She could have married anybody she chose. Carlington was mad after her.
She was romantic, though. All the women of that family were. The men were
a poor lot, but, egad! the women were wonderful."
"Carlington went on his
knees to her. Told me so himself. She laughed at him, and there wasn't a
girl in London at the time who wasn't after him. And by the way, Harry,
talking about silly marriages, what is this humbug your father tells me
about Dartmoor wanting to marry an American? Ain't English girls good enough for him?"
"It is rather fashionable to marry Americans just
now, Uncle George."
"I'll back English women against the world,
said Lord Fermor, striking the table with his fist.
betting is on the Americans."
"They don't last, I am told,"
muttered his uncle.
"A long engagement exhausts them, but they are
capital at a steeplechase. They take things flying. I don't think
Dartmoor has a chance."
"Who are her people?"
grumbled the old
"Has she got any?"
Lord Henry shook his head.
are as clever at concealing their parents, as English women are at
concealing their past,"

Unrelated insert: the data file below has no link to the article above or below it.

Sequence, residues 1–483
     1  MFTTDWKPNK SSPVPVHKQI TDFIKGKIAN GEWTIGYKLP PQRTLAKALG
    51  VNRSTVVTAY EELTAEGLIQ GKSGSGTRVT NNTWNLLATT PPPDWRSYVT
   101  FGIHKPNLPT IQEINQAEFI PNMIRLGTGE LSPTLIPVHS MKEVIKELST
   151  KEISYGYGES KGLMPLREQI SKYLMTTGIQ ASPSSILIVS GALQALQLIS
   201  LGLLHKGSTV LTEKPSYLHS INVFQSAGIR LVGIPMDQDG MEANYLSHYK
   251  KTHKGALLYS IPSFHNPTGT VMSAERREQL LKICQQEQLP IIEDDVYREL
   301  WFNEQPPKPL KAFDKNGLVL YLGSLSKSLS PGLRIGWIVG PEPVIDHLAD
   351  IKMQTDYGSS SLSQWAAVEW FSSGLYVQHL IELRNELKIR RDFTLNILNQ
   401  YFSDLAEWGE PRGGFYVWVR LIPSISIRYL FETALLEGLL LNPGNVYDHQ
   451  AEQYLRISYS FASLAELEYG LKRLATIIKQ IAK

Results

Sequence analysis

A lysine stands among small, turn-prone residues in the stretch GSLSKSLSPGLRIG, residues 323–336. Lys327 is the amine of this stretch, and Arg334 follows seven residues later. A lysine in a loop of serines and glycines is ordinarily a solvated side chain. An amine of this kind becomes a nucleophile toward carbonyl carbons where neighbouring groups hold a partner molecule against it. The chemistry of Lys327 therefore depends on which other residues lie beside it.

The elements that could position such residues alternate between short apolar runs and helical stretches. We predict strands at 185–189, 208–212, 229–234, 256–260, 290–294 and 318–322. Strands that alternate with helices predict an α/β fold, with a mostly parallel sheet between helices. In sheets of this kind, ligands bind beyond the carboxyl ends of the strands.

he said, rising to go.
pork-packers, I suppose?"
"I hope so, Uncle George, for Dartmoor's
sake. I am told that pork-packing is the most lucrative profession in
America, after politics."
"Is she pretty?"
"She behaves as
if she was beautiful. Most American women do. It is the
secret of their charm."
"Why can't these American women stay in their own country? They are always telling us that it is the paradise for women."
"It is. That is the reason why, like Eve, they are so
excessively anxious to get out of it,"
said Lord Henry.
George. I shall be late for lunch, if I stop any longer. Thanks for
giving me the information I wanted. I always like to know everything
about my new friends, and nothing about my old ones."
"Where are you lunching,
"At Aunt Agatha's. I have asked myself and Mr. Gray. He
is her latest protege."
"Humph! tell your Aunt Agatha, Harry, not
to bother me any more with her charity appeals. I am sick of them. Why,
the good woman thinks that I have nothing to do but to write cheques for her silly fads."
"All right, Uncle
George, I'll tell her, but it won't have any effect. Philanthropic people
lose all sense of humanity. It is their distinguishing
The old gentleman growled approvingly and
rang the bell for his servant. Lord Henry passed up the low arcade into
Burlington Street and turned his steps in the direction
of Berkeley Square.
So that was the story of Dorian Gray's parentage. Crudely as it had been told to him, it had yet stirred him by
its suggestion of a strange, almost modern romance. A beautiful woman
risking everything for a mad passion. A few wild weeks of happiness cut
short by a hideous, treacherous crime.
Months of voiceless agony, and then a child born
in pain. The mother snatched away by death, the boy left to solitude and the tyranny of an old and loveless man. Yes; it was an interesting background. It posed the lad, made him more perfect, as it were.